It’s been clear Allie wasn’t happy about life inside. She had her own room in Cathy’s house, and Cathy spent time with her. Allie would play sometimes at night and after six months didn’t run in fear when Cathy came in the room. But she spent most of her time sitting behind the curtain on top of the air conditioner at the side window, looking out on the back yards and the alley that had been her home. It was a shame she couldn’t be released back to her territory, but the neighbor had threatened them and trapped one kitten, then set out the trap for another. We got everyone to safety, but the situation wasn’t safe enough for her to go back outside.
So she was safe enough inside, but Cathy and Pat were concerned for her state of mind. That’s no life for a cat. But not only is Allie feral, she’s also very timid and had always seemed easily frightened, so I wasn’t sure how she’d do on the farm with all the other cats and goats and chickens and dogs. I was concerned she’d be lost in all that and even more frightened than she was in the house.
A friend who, along with her husband, had built a small sanctuary in their house and yard for cats who weren’t quite adoptable had a space come up and agreed to take her. I knew Allie would have the best possible outcome there because she’d be able to find her own comfort level with humans, at her own pace. If she grew more socialized and friendly and could be handled, or if she wasn’t terribly socialized but could be handled for things like medications, then she could stay in the house. If so, she could have the choice of going out to the fenced back yard. But if not, then she could transfer back to being an outdoor kitty with the feral colony in the other back yard, in a quiet place not unlike where she’d come from.
So on Sunday we moved Allie to Robin’s house. Allie came with quite a dowry, as Pat said, of all the things Cathy and Pat had bought for her over the past six months: a cat tree, beds, small toys, feather toys, wand toys, cat tracks, boxes, all sorts of things. The entire back of my car was full of her stuff along with some donated sheets and towels. She was and is very much loved.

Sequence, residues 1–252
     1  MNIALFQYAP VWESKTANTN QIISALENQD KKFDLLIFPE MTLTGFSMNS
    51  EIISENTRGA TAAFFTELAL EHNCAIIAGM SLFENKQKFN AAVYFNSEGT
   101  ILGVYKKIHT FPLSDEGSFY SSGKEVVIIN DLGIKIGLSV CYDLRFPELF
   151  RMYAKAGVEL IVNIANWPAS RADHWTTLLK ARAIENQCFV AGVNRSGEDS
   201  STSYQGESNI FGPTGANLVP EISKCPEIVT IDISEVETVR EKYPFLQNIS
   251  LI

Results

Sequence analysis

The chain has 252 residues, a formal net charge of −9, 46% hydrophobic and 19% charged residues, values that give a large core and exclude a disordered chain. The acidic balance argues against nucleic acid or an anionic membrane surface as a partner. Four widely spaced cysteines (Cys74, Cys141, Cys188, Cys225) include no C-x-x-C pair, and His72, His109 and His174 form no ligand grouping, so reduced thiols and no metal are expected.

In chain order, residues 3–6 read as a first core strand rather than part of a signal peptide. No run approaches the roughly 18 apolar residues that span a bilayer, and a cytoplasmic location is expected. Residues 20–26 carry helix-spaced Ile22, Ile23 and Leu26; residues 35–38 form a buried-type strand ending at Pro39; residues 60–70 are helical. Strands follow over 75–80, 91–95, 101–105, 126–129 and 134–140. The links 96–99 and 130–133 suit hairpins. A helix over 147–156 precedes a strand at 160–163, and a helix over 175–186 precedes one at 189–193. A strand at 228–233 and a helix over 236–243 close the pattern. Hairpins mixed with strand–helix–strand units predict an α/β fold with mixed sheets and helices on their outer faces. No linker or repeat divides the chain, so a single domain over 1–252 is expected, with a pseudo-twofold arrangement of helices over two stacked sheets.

Getting Allie into a carrier to move
This was a concern of mine because Allie doesn’t tolerate being handled. We couldn’t just pick her up and put her in a carrier, and we couldn’t trust that she’d go into one on her own, even though her crate with the carrier in it was still in the room. For Allie’s sake I didn’t want any big scene of chasing her around the room or cornering her or forcing her into the carrier. I didn’t want a trauma for her, and that would be traumatic, that might frighten her badly enough that she’d never trust people and would associate the whole move with fear.
My plan for Allie was to make the carrier be the best thing in the room for her so she would go into it on her own. I planned to set up the room so that she would have no other hiding places, her favorite boxes, the cat tree, under tables and behind chairs. Even her favorite spot on the air conditioner would be too exposed without the curtain. Cathy had the crate covered and the carrier turned sideways so it faced away from the open door of the crate. Then she put her food in there too. Cathy had also mentioned that when the room was cold Allie would go into the crate and the carrier. In the end it only took a few minutes before Allie was in her carrier. Cathy and Pat closed and locked the door. Allie was ready to go.
The big move
With Allie safely stashed in her carrier, off we went. Robin owns two houses next to each other, and she and her husband live in one with the indoor and indoor-outdoor cats, and rent the other in two apartments and have the back yard set up for the outdoor feral colony. We unpacked Allie’s things onto the second house porch when we arrived and Robin gave us a little tour of the yards and inside her house.